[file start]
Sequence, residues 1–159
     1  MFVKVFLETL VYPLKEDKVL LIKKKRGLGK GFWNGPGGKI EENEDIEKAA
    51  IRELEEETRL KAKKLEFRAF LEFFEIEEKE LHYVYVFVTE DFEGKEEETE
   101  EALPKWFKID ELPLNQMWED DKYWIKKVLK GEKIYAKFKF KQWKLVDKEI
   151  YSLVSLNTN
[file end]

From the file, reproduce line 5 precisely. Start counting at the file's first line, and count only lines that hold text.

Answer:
   151  YSLVSLNTN